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Dufour discloses new design and specs for Aero3 eVTOL

Swiss startup Dufour Aerospace has shared new images of its tilt-wing Aero3 eVTOL concept, which now has additional propellers on its wing and a redesigned tail.

Dufour Aero3 eVTOL
Dufour sees the Aero3 as “the perfect tool to serve future advanced air mobility markets,” but is not focusing exclusively on aerial ridesharing. Dufour Image

The piloted hybrid-electric aircraft is being developed to compete with today’s helicopters for missions including passenger transport and emergency medical services. Capable of seating up to eight people, it is targeting a cruise speed of 350 kilometers per hour (around 215 miles per hour), a range of up to 1,020 km (630 miles), and a useful load of 750 kilograms (1,650 pounds). That useful load figure includes fuel for its hybrid propulsion system, the details of which have yet to be confirmed.

Earlier conceptual images of the Aero3 showed a total of four propellers across its tilting wing, similar to the technology demonstrator that completed initial flight testing last year. The new design features six propellers distributed across the main wing, increasing redundancy, plus two smaller propellers on the tail.

Dufour Aerospace SAR
Dufour co-founder and CEO Thomas Pfammatter is also a helicopter rescue pilot for Swiss operator Air Zermatt. He sees potential for the Aero3 to “replace a significant number of today’s light and medium helicopters” because of its lower operating costs and more environmentally friendly design. Dufour Image

Dufour announced last year that it had received a grant from the Swiss innovation agency Innosuisse to conduct wind tunnel testing for the Aero3. According to Dufour co-founder and chief technology officer Jasmine Kent, “Our test flights with a large-scale demonstrator and the wind tunnel tests have clearly confirmed the exceptional performance and versatility of the tilt-wing design. The results met our high expectations.”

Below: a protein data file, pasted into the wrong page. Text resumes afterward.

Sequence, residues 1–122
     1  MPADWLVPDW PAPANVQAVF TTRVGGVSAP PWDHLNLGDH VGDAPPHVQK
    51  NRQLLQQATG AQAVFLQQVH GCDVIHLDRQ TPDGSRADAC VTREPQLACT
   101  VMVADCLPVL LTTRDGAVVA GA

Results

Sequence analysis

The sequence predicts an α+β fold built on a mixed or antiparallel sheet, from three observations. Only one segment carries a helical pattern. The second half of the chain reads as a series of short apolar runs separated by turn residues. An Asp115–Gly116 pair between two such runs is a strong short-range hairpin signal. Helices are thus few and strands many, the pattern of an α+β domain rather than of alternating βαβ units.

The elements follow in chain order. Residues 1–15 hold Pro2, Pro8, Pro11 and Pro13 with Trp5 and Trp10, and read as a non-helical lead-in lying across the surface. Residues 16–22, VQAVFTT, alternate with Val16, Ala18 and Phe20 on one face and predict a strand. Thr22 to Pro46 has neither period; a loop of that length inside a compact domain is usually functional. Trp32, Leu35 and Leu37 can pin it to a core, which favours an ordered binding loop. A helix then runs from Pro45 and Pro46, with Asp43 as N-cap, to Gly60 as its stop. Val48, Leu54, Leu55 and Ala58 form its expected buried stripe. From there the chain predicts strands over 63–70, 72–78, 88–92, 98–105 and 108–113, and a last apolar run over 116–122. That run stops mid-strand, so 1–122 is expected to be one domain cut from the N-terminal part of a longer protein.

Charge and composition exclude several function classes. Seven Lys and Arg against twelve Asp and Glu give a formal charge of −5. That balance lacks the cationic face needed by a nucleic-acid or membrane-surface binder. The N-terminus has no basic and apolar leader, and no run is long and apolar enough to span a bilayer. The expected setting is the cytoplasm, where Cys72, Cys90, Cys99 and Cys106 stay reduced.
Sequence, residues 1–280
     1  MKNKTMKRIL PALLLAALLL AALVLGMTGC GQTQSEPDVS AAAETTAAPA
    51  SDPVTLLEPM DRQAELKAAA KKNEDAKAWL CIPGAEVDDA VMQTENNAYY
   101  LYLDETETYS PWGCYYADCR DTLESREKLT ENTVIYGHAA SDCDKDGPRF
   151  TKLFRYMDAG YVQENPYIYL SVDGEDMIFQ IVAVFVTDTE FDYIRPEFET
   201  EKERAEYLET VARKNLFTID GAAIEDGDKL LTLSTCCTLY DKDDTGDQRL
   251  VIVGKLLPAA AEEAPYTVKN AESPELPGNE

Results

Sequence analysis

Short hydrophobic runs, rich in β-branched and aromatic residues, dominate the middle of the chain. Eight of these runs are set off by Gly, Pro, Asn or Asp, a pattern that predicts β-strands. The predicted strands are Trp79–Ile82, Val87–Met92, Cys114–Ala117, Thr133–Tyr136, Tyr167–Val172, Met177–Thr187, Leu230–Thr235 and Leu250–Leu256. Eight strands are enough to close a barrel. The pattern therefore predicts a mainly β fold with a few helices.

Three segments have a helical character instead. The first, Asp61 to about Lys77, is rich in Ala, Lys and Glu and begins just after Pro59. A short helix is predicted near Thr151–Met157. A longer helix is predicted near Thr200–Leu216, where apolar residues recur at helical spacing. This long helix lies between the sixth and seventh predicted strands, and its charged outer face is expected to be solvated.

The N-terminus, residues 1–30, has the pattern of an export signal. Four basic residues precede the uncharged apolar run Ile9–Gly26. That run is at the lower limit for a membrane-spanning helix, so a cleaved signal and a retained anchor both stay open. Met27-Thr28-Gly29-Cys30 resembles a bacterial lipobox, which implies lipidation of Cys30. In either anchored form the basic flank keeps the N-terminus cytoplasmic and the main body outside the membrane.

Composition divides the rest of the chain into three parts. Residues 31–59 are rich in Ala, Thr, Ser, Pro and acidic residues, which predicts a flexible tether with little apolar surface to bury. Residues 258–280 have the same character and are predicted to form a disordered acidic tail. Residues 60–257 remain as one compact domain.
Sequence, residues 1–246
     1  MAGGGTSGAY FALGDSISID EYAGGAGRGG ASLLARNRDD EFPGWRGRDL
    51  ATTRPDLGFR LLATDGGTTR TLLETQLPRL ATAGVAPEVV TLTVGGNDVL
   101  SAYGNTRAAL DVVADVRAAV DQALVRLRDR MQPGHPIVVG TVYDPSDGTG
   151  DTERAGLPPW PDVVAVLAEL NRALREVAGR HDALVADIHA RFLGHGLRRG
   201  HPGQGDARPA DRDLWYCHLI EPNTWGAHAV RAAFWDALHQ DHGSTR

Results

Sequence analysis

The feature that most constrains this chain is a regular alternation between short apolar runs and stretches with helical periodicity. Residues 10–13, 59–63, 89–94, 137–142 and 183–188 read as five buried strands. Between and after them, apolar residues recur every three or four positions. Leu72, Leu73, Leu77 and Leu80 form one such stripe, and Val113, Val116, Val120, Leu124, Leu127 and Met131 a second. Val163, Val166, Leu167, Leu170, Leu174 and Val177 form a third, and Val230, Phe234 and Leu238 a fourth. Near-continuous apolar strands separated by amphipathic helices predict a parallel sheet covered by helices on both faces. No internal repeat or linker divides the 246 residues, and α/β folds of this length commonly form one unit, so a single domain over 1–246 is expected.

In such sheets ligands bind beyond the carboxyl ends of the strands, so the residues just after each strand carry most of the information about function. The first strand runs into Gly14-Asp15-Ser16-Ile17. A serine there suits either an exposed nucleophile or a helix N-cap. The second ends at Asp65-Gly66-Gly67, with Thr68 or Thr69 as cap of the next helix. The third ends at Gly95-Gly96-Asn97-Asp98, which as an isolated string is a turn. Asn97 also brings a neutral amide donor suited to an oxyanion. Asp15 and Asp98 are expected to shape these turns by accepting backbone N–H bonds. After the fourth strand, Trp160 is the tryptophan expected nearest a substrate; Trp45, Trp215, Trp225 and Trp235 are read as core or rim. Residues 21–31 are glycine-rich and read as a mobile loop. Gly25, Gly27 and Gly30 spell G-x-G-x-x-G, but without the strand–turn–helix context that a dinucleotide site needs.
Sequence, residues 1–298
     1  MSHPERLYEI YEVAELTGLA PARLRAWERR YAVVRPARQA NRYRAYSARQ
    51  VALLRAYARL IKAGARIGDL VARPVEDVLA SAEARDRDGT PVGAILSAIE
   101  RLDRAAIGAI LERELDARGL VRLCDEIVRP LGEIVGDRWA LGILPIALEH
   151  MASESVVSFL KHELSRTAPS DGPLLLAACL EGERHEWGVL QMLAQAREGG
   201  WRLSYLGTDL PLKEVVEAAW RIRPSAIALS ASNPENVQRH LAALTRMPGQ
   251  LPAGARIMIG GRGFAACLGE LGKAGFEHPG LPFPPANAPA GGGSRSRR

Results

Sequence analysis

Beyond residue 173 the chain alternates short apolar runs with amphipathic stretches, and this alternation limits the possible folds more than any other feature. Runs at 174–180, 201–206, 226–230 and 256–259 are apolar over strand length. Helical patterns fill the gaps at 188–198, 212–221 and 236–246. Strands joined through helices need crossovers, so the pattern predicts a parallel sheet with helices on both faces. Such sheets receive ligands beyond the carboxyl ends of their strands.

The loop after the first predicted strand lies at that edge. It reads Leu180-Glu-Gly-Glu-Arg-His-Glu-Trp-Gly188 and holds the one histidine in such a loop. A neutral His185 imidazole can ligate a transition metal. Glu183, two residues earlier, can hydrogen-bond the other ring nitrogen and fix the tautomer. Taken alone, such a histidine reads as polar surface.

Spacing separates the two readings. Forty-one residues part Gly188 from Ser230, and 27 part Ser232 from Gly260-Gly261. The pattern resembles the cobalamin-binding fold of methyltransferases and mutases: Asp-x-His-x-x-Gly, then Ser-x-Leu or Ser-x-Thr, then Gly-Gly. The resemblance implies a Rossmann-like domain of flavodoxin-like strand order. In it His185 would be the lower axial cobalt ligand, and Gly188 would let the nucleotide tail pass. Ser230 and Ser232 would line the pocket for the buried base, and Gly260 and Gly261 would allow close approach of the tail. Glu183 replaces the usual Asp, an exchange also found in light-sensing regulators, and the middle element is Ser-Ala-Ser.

She added that the tilt-wing concept has already been demonstrated in projects such as the Canadair CL-84, “so there are fewer risks than with other VTOL concepts.”

According to Dufour chief commercial officer Sascha Hardegger, Dufour now expects to build its first full-scale prototype next year and commence flight testing toward the end of 2022. The company is working toward certification of the Aero3 by the end of 2025.

Dufour Aero3 side view
“Now three years into our tilt-wing development program, we are confident that this aircraft can be built successfully to meet certification requirements,” Jasmine Kent said of the Aero3. Dufour Image

In the meantime, Dufour also expects to commercialize a smaller drone version of the aircraft for applications including logistics, inspection, monitoring, mapping, and public safety. The company said it will publish the specifications for this “Aero2” model at a later date.

Earlier this year, Dufour announced it had secured an undisclosed amount of additional funding in a round led by the early stage venture fund session.vc. Hardegger told eVTOL.com that while the company is preparing its next financing round, it is too early to share further details.

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7 Comments

  1. Tilting tail rotors could add more elegance and improve cruising flight. Photos show traditional propellers mounted everywhere. Application of new generation, enhanced speed range propellers could increase efficiency and range. Design is attractive with an air of classic reliability – a bonus for future passengers.